Speaker of the House Andy Dillon's plan to reform state employee health care drew an avalanche of criticism last week, but very few offers of anything better. Michigan Radio's Political Analyst Jack Lessenberry thinks it may be time for our lawmakers to grow up.
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Last week I talked about Speaker of the House Andy Dillon's suggestion that Michigan enact a single, uniform, statewide health plan for all government employees in that state.
What has surprised me since was the reaction, both to the plan and my suggestion that it might be worth thinking about.
Dillon's plan may not be the answer to our prayers, but is worth considering, if only because it is a serious attempt to do something about the state's runaway long-term costs.
For all I know, there may be better ways of organizing state employee health care than Andy Dillon's plan, and I would be happy to consider alternatives. But they haven't been forthcoming.
Instead, the plan has been cautiously supported by some lawmakers, mostly Republicans who want to cut costs, and Democrats like Detroit Mayor Dave Bing, who themselves have to meet a payroll and worry about balancing a budget.
But spokesmen for the Michigan Education Association have been overwhelmingly and nastily negative in attacking the plan.
That's fine. But have they offered any alternative? Not that I can see.
They want what they want because they want it. They want teachers to get the excellent health care benefits they have always had. I can sympathize with that. I wish everyone had Cadillac benefits and universal unlimited health care.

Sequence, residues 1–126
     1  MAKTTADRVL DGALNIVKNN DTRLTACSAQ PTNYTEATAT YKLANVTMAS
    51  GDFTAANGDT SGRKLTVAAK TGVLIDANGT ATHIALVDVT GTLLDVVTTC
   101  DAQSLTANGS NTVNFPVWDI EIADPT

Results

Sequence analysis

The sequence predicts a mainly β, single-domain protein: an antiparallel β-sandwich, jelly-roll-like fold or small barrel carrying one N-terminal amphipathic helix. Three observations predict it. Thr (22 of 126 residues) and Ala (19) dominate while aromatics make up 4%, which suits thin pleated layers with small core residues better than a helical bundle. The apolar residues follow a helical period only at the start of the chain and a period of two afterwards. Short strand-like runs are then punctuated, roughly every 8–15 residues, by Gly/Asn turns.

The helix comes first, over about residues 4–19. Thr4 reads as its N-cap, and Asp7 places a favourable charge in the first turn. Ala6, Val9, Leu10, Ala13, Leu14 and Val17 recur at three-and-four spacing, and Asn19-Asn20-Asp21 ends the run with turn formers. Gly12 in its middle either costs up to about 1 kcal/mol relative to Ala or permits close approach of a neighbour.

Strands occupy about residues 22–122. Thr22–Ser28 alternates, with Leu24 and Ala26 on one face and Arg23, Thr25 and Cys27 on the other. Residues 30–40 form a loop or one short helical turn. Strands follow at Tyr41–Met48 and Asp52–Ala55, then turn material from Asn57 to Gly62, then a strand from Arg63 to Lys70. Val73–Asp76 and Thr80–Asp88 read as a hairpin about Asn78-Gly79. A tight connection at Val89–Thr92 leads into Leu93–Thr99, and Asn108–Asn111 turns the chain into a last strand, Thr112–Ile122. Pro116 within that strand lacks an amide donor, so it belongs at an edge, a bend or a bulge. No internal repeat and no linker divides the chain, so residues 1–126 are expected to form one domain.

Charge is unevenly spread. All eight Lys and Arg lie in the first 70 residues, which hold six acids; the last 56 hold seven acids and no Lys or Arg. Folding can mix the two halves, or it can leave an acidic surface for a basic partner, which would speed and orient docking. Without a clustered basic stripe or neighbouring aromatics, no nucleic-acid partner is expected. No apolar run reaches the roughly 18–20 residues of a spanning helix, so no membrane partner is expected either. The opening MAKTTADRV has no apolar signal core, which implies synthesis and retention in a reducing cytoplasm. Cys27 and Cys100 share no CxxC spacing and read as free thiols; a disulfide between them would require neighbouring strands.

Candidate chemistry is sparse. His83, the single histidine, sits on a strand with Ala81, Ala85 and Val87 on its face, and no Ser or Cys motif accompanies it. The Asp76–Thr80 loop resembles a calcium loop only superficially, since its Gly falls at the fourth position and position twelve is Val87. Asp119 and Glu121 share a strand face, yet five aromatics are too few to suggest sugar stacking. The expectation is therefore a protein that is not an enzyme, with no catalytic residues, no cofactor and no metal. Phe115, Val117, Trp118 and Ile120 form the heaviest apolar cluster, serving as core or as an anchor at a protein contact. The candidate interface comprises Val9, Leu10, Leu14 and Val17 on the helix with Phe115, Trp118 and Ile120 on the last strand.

But the world is not as it was. Michigan is not as rich as it was, in large part due to the shrinking of the auto industry. State government doesn't have as much money coming in. Lansing is looking at vast deficits as far as the eye can see, and by law the budget has to be balanced every year.
The governor and the legislature are going to have a difficult time with that in the next couple years. Difficult, but they probably will be able to balance the books, thanks to remaining money from the federal stimulus package. But in two years, that will be all gone.
What do we do then? Andy Dillon is the only politician who has tried to address at least part of the state's long-term problem. Gov. Jennifer Granholm has been essentially negative about the Dillon plan, saying it doesn't do anything to help with the deficit this year.
Well, no, it doesn't. He is thinking about our state's future. We really are heading for the edge of a cliff. Within a couple of years, we could be living in a state that can't afford to fund its universities.
We may be looking at more government shutdowns, unless we do something to revamp the way the state gets and spends money. Dillon's approach may be flawed -- though it looks sensible to me.
But regardless, we need to start thinking long-term. There is an old Doonesbury comic strip that sums it up perfectly.
This came out at a point when the 1960s had been over for some time, though not all the characters had figured that out. Finally, one of them says, "The world needs grownups."
Michigan really needs grownups now, adults willing to plan for our state's long-term future. I don't know about you, but that sounds better to me than driving over a cliff.